Deborah Ross: Pass the Temazepam, the radio phone-in is about to start

World Cup Widow

The English Football Widows Association – which hopes one day to have its head office on Mars, or possibly Jupiter, which is cheaper but the schools aren't so good – is concerned this week by the news that many members have been taking performance de-enhancing drugs to decrease further their ability to sit through the games. As one member told us: "I take such drugs in the hope they'll knock me out, ideally until 12 July."

She then added that if this meant she would also have to miss the longest tennis match ever, then so be it. "Don't all tennis matches last for ever?" she said. "Really? I thought they did. Fancy."

Alcohol seems to be the main drug of choice, presumably because it is legal, readily available, does the job and is jolly nice. As another member told us: "Two bottles of wine and by the time the evening World Cup match comes on, I'm pretty much out of it, thank God and praise be. My husband has the TV and radio on all the time, in all the rooms in the house, and if it weren't for my extended periods of unconsciousness I don't know how I'd get through it."

This woman, who did not wish to be named for fear of reprisals – "who is to say that, next time my husband and sons go to fill in the wall chart, they won't 'accidentally' stab me with the pen that doesn't work, and then with the pen that does?" – says she cannot care about the World Cup even though she has tried.

"I tried to watch the England game. I knew how important it was for everybody. I knew that if Defoe were to come good, it would be good, and if he didn't, it would be bad, and headline writers would not be able to write 'Defoe Defies Defeat', and then go home and boast about it to their wives, even though that wife is bored witless as it is, and wishes he'd stop being a sports writer and get a job in a fish shop, so he could at least bring home some discounted fish. Who doesn't like discounted fish? I know I do."

EFWA – which is also considering Saturn (although it's not much to look at now, it's said to be up-and-coming) – has heard similar reports from across the country. As another widow said: "My drug of choice? Temazepam. I take it first thing and then hourly until I black out. It's fantastic. I was out for 17 hours yesterday and didn't hear or see one football-related thing. I didn't even have to endure one of those Radio 5 phone-ins although, credit where credit is due, if I were a stupid, mouthy, boring person who wanted to be taken seriously, I'd call in, too."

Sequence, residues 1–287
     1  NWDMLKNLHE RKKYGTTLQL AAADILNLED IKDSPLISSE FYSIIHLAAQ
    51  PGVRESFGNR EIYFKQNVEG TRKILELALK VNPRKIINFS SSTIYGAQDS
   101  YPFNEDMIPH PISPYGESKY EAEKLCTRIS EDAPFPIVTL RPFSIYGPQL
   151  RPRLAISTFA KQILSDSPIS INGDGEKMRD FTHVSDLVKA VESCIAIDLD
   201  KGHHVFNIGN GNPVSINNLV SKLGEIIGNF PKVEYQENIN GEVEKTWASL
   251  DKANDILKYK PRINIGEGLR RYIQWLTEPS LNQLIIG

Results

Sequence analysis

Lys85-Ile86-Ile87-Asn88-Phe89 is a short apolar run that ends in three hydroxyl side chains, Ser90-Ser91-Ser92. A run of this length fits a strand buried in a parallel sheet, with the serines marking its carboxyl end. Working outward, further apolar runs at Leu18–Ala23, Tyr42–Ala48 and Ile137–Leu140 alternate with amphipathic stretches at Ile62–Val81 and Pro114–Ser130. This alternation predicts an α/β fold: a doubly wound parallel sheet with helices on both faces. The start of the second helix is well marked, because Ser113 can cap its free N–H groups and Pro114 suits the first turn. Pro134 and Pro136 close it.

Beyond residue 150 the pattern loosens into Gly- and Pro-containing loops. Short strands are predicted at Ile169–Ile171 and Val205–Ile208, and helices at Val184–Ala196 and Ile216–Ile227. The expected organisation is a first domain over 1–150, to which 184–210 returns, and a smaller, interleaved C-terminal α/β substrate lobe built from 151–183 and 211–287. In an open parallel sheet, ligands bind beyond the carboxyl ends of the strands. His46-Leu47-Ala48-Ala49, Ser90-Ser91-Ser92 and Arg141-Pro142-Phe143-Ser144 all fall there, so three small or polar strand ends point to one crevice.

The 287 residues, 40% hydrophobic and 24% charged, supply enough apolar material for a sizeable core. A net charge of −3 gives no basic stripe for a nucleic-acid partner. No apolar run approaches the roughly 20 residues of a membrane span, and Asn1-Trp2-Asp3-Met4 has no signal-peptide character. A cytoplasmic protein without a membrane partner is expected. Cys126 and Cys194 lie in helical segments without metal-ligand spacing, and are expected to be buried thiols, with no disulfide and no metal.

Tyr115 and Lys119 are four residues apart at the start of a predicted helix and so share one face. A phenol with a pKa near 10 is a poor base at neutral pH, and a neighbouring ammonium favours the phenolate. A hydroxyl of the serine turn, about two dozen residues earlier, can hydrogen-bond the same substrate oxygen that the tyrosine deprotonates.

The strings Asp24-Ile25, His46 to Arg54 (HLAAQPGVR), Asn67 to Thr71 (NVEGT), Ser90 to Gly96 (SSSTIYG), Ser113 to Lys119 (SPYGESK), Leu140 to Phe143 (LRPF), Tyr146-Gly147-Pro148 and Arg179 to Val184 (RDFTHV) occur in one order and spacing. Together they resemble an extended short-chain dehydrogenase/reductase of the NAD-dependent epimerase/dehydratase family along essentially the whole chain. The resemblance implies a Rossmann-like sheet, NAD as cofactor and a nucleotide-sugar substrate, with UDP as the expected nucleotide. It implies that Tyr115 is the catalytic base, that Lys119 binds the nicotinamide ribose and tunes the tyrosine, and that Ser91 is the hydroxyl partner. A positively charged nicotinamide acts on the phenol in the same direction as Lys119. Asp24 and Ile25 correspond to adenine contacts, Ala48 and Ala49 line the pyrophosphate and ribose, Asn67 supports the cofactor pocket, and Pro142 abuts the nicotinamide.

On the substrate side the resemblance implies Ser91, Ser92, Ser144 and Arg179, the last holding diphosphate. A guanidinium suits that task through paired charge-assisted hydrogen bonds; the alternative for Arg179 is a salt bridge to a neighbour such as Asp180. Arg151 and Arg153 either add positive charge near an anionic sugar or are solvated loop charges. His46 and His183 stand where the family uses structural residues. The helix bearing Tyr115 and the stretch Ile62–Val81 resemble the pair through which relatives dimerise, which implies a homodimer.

What, you may ask, is Fifa doing about all this? Well, it has said it plans to launch a full-scale investigation and will then come down on offenders hard. A spokesperson said: "At this point, we are not sure how many football widows are using narcotic substances to decrease their watching ability, but you can be sure these substances do reduce endurance considerably. And we are particularly worried for the children, who may not properly understand why mummy is 'very tired' all the time, does not move from Tuesday through to Thursday, and wants only to run off with Gareth Malone, whom she has the hots for, and who is actually doing something interesting with his life."

To prevent further substance abuse, Fifa plans to introduce random testing of widows for the following most commonly used performance-reducing drugs: alcohol, Temazepam, pot, Valium and hot, milky drinks. Fifa admits that hot, milky drinks will be hard to detect. "As of yet, we do not have a reliable test, and will have to rely on the white, frothy moustache which is often a tell-tale sign that Ovaltine has been drunk at some point, or Horlicks." When quizzed on the fact these moustaches are easily disguised by, say, balaclavas, Fifa said: "We will not allow balaclavas to fool us, and will certainly ask to look underneath." Thus far, they have questioned several of our members, "but we are now almost certain the moustaches are real."

Indeed, as one such member puts it: "What can you do? You get to a certain age; it happens. Now, clear off. Do you think I'm not busy? I can't remember the last time I had so much sport to ignore."

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